New information in Belliraj case sparks official review in Belgium
Sarah Touahri and Naoufel Cherkaoui for Magharebia in Rabat – 03/03/08
Revelations that Abdelkader Belliraj, the alleged mastermind of the terrorist network dismantled by Moroccan authorities on February 18th, worked for eight years as an informant for the Belgian security services have prompted a flurry of investigative activity on two continents.
With the investigation still under way into the Belliraj cell, the Moroccan interior ministry is not yet discussing details of the case. However, Moroccan Minister of the Interior Chakib Benmoussa said Saturday that Belgian intelligence clearly "knew" Abdelkader Belliraj, though he added the terrorist was "apparently a master of deception". He pointed out that Belliraj was also clever at hiding, having lived in Afghanistan in 2001 and in Algeria, among members of the Salafist Group for Preaching and Combat (GSPC), in 2005.
The news uncovered by the Belgian press prompted a flurry of activity in the Belgian government. Justice Minister Jo Vandeurzen stated Friday (February 29th) in a communiqué that he "immediately asked the Comité R [Permanent Intelligence Oversight Committee] to launch an inquiry into the way in which the intelligence services went about gathering and processing information in this case. I now await the outcome of the inquiry."
Belgian security personnel conducted a search of Belliraj's home last Tuesday, though no results have been revealed to the public. Local newspapers reported that police had searched the house and garden with advanced equipment, and notes and computers had been seized.
The press also indicated that Moroccan investigators may be included in subsequent searches, under a law enforcement information-sharing arrangement between the two countries.
Belliraj and 34 others were remanded into custody in the Salé prison on Friday, following a 14-hour preliminary hearing. Six politicians implicated in the affair have a team of fifteen lawyers to represent them. "The charges against them are very serious," said lawyer Abderrahim Jamai.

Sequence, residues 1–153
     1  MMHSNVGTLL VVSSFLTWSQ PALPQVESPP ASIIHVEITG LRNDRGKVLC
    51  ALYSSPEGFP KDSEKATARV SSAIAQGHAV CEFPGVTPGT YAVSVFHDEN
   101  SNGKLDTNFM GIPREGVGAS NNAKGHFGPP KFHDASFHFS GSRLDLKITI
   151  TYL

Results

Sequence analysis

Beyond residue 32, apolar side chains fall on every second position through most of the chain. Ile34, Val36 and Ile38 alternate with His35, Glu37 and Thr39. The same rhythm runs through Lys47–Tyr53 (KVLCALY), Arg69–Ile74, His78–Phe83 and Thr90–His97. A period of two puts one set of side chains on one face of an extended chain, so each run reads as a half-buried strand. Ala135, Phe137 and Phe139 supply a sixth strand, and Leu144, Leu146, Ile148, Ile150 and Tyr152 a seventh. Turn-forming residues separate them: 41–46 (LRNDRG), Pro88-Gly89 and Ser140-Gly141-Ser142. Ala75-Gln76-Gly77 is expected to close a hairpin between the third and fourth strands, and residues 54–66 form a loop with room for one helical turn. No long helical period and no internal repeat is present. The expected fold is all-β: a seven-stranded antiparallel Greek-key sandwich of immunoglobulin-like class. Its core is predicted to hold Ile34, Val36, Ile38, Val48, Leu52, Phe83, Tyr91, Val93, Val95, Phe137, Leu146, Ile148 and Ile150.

Benmoussa said that the group smuggled the largest weapons cache to be discovered in 15 years into Morocco, in two batches. "The weapons were brought from Belgium by other Moroccan citizens residing in that country. They entered the country concealed in trucks through Ceuta and Mellila, before they were hidden in caches in Casablanca and Nador," he explained.
Members of parliament met with Benmoussa on Friday to discuss the investigation and ensure transparency. The interior minister promised deputies that the investigation would be carried out in compliance with all legal requirements, but also used the opportunity to advocate the reform of the country's current anti-terrorism legislation.
Minister for Parliamentary Relations Mohamed Saad Alami said that by working closely together and eschewing political one-upmanship, deputies and government officials will succeed in overcoming extremism.
The Moroccan public is following the case closely. Although there is unanimous agreement that terrorism is unacceptable, many feel the accused politicians should not be assumed to be guilty until the facts of the case are clearer. Teacher Saida Mahjoubi told Magharebia that it is too early to judge anyone. "Personally I find it difficult to believe that well-known politicians could have been involved in acts of terrorism. The courts must act in a transparent manner so that the public is reassured."
IT worker Hamid Radi agreed: "The government claims to have evidence. It must reveal this to the public so that we can understand exactly what happened."
Last updated 18/10/2008